The Yellow Jacket

Vincent van Gogh. Postman Joseph Roulin, 1888. 81x65cm (32x26"). Museum of Fine Arts, Boston.

"Why do you want to paint me?" Armand asked.

"Paint a whole family is what I want. Complete. Your father has a sturdy Russian look. He's a common man who shouts like a revolutionary when he's drunk, but looks like a saint from the old time when he's not. And you..." The man thrust his head forward, studying him with such intensity that Armand squirmed. "We'll see about you."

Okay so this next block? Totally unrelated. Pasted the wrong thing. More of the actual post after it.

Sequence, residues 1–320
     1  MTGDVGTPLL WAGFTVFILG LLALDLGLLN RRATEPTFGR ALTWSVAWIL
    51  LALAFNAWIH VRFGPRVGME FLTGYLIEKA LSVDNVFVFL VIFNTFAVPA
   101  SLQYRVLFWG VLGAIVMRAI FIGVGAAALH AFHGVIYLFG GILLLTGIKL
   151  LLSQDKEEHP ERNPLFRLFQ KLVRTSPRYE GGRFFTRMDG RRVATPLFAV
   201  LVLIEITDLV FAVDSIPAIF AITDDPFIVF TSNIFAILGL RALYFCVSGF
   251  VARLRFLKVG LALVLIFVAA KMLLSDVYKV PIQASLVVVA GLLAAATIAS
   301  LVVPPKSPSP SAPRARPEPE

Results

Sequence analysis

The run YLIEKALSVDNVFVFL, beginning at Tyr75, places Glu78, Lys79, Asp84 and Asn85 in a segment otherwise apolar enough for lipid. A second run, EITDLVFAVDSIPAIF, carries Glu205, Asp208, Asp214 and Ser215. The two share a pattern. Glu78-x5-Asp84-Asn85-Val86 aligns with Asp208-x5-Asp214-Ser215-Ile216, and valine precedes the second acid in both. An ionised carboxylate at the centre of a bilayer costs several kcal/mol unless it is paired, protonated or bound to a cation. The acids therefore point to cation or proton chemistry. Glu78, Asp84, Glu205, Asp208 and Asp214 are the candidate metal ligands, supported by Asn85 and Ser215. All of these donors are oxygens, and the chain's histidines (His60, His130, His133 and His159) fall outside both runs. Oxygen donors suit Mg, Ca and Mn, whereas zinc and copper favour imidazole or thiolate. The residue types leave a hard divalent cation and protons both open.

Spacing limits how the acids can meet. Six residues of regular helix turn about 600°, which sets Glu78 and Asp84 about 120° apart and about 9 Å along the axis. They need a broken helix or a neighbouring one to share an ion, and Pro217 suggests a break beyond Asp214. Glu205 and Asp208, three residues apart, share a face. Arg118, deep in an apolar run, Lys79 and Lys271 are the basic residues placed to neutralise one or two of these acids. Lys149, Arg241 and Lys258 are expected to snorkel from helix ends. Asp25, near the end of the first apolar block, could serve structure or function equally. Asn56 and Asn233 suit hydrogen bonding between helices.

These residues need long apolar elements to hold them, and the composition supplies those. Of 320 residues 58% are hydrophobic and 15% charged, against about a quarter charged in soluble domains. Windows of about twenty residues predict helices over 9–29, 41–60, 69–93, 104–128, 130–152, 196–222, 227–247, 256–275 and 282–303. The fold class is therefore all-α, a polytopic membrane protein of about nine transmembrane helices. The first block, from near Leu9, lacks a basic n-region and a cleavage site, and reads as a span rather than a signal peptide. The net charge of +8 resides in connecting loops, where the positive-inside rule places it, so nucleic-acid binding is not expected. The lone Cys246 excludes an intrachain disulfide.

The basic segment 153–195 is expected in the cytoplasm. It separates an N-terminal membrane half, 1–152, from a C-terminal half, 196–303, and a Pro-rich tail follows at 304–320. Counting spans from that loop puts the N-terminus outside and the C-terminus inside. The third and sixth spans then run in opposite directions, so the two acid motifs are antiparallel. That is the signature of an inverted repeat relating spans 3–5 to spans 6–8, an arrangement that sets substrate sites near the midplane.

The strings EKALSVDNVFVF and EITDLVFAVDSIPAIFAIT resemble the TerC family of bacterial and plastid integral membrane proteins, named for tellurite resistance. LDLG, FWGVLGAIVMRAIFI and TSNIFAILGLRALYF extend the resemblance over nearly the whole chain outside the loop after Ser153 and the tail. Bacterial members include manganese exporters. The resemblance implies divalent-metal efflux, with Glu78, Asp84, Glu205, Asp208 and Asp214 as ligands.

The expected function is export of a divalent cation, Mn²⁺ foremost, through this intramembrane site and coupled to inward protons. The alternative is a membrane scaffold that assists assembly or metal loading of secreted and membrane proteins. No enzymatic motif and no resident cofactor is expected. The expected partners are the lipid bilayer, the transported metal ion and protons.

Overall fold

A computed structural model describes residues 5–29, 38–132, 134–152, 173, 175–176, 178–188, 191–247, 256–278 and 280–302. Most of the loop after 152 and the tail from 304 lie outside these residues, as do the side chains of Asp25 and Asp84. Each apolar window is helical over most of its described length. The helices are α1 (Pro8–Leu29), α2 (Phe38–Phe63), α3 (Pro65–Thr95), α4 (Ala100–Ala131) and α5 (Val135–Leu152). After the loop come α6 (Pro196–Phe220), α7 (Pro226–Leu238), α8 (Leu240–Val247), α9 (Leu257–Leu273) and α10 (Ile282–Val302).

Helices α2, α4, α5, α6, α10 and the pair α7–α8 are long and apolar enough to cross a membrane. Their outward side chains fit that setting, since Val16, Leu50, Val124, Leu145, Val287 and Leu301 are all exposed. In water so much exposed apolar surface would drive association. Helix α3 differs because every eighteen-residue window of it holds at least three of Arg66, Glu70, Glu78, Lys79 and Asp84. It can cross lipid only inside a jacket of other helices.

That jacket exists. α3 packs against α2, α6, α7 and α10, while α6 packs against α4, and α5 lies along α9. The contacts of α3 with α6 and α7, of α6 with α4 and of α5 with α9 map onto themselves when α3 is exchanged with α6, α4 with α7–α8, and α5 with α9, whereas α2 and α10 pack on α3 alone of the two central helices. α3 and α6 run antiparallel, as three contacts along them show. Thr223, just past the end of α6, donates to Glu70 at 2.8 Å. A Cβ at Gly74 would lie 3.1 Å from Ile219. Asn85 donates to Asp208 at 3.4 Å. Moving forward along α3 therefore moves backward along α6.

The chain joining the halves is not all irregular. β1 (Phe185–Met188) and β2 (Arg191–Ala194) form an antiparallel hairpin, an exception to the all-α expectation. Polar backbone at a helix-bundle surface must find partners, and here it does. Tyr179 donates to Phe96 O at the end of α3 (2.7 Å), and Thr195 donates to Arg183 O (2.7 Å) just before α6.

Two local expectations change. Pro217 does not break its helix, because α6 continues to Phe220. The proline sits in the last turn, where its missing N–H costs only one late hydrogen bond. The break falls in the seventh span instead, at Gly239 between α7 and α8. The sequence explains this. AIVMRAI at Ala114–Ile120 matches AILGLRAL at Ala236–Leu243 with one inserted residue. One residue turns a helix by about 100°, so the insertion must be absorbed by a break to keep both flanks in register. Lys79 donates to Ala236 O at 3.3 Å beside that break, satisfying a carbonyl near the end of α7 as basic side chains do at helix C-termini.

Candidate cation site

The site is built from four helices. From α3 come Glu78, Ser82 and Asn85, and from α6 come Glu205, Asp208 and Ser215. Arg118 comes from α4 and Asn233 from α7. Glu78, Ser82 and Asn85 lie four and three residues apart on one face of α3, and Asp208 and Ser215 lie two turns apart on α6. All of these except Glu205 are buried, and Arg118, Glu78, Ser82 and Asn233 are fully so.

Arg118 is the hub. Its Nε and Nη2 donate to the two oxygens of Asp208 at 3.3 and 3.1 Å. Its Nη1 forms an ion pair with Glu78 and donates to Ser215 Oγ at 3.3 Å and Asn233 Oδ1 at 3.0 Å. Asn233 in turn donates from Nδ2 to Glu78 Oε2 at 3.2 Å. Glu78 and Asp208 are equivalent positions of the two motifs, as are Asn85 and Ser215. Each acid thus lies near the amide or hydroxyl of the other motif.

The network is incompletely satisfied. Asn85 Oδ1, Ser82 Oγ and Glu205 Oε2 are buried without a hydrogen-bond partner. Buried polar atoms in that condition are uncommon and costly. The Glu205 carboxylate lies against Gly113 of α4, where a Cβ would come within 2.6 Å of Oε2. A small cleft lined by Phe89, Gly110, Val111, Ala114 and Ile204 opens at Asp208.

...Across the room Armand saw a painting of his father in his blue postal uniform. The eyes looked right, but the beard was curlier than his father's. His wide face was painted yellow, green, pink, even red. His father didn't have those colors in his face. Flushed from liquor--that's how this man saw his father. The realization hurt him, which was surprising to him because he'd had thoughts of his father lately that weren't kind at all. He couldn't help it, and so he was going away. But the painting made him feel good, too, his father there in his postal uniform looking straight back at him, square-shouldered and forthright, like a general.